Their trail bore no further signs of Harpe and his followers.
“I’ll bet ye a pint o’ powder an’ a fish hook they was p’intin’ south,” said Solomon.
They reached the Indian school about noon. A kindly old Mohawk squaw who worked there was sent back in the trail to find the maiden. In a few minutes the squaw came in with her. Solomon left money with the good master and promised to send more.
When the travelers went on that afternoon the Little White Birch stood by the door looking down the road at them.
“She has a coat o’ red on her skin, but the heart o’ the white man,” said Solomon.
In a moment Jack heard him muttering, “It’s a damn wicked thing to do—which there ain’t no mistake.”
They had come to wagon roads improving as they approached towns and villages, in the first of which they began selling the drove. When they reached Boston, nearly a week later, they had only the two horses which they rode.
The trial had just begun. Being ardent Whigs, their testimony made an impression. Jack’s letter to his father says that Mr. Adams complimented them when they left the stand.
There is an old letter of Solomon Binkus which briefly describes the journey. He speaks of the “pompy” men who examined them. “They grinned at me all the time an’ the ol’ big wig Jedge in the womern’s dress got mad if I tried to crack a joke,” he wrote in his letter. “He looked like he had paid too much fer his whistle an’ thought I had sold it to him. Thought he were goin’ to box my ears. John Addums is erbout as sharp as a razor. Took a likin’ to Jack an’ me. I tol’ him he were smart ’nough to be a trapper.”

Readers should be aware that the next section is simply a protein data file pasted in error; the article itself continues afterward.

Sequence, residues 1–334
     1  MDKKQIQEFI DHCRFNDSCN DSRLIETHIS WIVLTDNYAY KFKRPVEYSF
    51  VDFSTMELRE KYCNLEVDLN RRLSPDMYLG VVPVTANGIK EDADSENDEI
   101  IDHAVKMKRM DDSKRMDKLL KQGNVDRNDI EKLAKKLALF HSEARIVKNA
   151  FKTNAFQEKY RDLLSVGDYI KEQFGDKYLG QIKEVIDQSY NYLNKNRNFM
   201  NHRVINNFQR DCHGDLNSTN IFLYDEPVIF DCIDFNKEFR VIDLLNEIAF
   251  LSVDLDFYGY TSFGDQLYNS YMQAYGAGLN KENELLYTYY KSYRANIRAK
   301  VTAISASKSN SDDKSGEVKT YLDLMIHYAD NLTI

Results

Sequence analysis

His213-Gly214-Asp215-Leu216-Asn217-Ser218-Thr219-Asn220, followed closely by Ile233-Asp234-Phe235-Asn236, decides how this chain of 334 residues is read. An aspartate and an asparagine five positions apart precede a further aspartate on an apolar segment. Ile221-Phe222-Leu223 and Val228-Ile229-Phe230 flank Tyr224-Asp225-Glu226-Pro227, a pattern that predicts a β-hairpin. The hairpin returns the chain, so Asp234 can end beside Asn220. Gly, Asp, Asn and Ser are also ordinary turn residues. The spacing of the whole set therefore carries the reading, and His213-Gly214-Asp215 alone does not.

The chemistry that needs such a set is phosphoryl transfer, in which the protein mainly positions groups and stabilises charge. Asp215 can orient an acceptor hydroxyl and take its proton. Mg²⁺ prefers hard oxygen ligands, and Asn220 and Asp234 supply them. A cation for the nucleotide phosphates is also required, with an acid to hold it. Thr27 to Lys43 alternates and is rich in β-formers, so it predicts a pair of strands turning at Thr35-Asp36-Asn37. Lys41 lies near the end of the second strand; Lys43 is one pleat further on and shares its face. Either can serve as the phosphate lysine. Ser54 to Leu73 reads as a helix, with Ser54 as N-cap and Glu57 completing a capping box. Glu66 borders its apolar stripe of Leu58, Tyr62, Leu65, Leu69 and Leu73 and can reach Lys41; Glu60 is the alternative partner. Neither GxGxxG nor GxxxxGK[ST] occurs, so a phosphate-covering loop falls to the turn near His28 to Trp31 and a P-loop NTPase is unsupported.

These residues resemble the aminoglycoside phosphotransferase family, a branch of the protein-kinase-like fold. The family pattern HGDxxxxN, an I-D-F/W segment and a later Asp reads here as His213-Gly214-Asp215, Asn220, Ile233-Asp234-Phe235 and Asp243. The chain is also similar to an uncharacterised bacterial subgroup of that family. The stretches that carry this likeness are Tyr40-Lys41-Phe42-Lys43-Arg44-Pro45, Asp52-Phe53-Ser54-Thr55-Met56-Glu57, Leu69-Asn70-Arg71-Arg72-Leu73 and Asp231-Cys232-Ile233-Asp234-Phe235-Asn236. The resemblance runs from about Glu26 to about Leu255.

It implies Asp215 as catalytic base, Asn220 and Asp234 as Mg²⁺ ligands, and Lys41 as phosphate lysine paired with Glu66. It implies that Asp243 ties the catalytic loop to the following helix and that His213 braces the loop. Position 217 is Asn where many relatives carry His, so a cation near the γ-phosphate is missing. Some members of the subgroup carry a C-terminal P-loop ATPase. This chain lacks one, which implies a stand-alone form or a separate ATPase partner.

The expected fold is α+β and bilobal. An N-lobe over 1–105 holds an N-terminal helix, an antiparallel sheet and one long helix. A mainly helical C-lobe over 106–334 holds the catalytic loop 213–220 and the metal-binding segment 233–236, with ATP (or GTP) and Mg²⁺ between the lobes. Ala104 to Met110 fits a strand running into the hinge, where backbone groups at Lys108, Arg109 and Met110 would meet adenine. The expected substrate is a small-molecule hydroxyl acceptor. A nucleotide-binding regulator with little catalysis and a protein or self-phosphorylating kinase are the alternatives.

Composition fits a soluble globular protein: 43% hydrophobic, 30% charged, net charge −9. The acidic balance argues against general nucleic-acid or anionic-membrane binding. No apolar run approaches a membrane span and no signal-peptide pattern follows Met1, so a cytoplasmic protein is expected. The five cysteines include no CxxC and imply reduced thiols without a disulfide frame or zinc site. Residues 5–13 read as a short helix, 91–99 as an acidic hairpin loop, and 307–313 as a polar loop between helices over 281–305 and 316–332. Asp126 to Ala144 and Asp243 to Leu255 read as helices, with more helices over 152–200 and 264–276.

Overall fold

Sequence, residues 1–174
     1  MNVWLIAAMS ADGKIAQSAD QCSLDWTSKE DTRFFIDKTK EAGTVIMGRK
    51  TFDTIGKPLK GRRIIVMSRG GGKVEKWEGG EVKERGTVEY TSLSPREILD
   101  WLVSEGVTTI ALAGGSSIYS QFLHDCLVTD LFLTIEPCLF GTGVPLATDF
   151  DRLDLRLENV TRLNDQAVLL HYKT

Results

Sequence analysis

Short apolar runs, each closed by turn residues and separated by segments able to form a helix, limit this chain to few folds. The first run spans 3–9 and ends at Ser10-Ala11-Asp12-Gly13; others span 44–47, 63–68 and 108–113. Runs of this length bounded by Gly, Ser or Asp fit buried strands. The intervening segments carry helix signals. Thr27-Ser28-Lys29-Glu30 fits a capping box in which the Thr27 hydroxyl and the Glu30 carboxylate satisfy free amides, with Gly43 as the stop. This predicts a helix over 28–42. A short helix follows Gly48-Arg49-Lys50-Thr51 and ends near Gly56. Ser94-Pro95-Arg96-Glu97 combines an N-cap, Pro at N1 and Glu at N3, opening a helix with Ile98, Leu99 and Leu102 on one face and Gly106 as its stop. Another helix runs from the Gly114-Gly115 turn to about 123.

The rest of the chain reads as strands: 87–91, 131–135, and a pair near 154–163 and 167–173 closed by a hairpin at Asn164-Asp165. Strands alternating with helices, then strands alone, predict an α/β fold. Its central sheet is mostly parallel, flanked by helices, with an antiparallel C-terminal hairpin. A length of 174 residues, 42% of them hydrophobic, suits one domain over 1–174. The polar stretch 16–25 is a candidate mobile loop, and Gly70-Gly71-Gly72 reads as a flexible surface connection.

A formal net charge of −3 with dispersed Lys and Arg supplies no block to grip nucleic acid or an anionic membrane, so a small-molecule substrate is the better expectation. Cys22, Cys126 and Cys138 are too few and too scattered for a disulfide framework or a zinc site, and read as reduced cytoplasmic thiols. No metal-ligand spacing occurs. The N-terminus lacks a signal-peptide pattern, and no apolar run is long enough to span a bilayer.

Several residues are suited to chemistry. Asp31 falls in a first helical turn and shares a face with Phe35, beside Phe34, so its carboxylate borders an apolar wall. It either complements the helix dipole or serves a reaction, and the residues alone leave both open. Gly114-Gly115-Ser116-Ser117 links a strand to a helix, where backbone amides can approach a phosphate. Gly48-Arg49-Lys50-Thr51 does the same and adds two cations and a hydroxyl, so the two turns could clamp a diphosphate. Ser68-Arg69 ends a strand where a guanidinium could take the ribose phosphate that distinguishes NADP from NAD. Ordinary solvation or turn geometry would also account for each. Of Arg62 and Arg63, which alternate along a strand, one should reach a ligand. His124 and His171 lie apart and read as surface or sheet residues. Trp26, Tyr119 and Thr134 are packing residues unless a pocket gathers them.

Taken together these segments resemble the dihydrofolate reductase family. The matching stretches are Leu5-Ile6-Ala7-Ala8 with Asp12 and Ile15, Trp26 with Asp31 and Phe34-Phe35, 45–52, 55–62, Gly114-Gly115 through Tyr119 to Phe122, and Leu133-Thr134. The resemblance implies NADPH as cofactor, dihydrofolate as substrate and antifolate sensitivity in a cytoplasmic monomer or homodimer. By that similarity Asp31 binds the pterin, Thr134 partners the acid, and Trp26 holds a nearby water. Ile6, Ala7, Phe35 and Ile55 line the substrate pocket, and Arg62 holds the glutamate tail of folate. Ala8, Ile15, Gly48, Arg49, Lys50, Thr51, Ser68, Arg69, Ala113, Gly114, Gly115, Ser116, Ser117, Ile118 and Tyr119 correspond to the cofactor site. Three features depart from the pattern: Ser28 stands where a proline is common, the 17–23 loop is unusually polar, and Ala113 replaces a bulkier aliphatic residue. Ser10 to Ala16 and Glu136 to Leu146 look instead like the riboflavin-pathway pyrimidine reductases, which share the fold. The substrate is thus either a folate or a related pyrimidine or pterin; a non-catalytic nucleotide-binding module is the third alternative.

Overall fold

The two came back in the saddle and reached Albany late in October.
THE JOURNEY TO PHILADELPHIA
The New York Mercury of November 4, 1770, contains this item:
“John Irons, Jr., and Solomon Binkus, the famous scout, arrived Wednesday morning on the schooner Ariel from Albany. Mr. Binkus is on his way to Alexandria, Virginia, where he is to meet Major Washington and accompany him to the Great Kanawha River in the Far West.”
Solomon was soon to meet an officer with whom he was to find the amplest scope for his talents. Jack was on his way to Philadelphia. They had found the ship crowded and Jack and two other boys “pigged together”—in the expressive phrase of that time—on the cabin floor, through the two nights of their journey. Jack minded not the hardness of the floor, but there was much drinking and arguing and expounding of the common law in the forward end of the cabin, which often interrupted his slumbers.
He was overawed by the length and number of the crowded streets of New York and by “the great height” of many of its buildings. The grandeur of Broadway and the fashionable folk who frequented it was the subject of a long letter which he indited to his mother from The City Tavern.